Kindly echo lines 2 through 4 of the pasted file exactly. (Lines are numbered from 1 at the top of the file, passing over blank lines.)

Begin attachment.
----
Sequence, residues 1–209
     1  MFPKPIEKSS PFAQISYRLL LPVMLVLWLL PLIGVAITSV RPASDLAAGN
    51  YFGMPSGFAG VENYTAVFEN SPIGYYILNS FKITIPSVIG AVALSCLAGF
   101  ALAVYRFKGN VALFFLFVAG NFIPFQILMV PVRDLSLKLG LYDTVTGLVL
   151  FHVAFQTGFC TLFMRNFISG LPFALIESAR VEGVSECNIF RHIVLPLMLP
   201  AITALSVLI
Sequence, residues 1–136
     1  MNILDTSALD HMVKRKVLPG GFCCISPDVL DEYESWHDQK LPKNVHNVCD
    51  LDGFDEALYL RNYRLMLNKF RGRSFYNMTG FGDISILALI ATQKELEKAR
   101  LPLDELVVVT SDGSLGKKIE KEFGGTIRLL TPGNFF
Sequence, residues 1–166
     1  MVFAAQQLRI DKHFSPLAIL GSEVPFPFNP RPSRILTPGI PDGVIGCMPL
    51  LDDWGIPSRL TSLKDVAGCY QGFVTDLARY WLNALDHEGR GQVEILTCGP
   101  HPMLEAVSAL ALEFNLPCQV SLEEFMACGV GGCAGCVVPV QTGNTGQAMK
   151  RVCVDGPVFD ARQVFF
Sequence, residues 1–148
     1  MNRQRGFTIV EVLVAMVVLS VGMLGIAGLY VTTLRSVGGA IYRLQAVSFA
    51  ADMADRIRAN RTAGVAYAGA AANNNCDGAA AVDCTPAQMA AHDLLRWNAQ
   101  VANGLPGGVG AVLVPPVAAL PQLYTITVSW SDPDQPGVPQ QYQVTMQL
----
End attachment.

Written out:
     1  MFPKPIEKSS PFAQISYRLL LPVMLVLWLL PLIGVAITSV RPASDLAAGN
    51  YFGMPSGFAG VENYTAVFEN SPIGYYILNS FKITIPSVIG AVALSCLAGF
   101  ALAVYRFKGN VALFFLFVAG NFIPFQILMV PVRDLSLKLG LYDTVTGLVL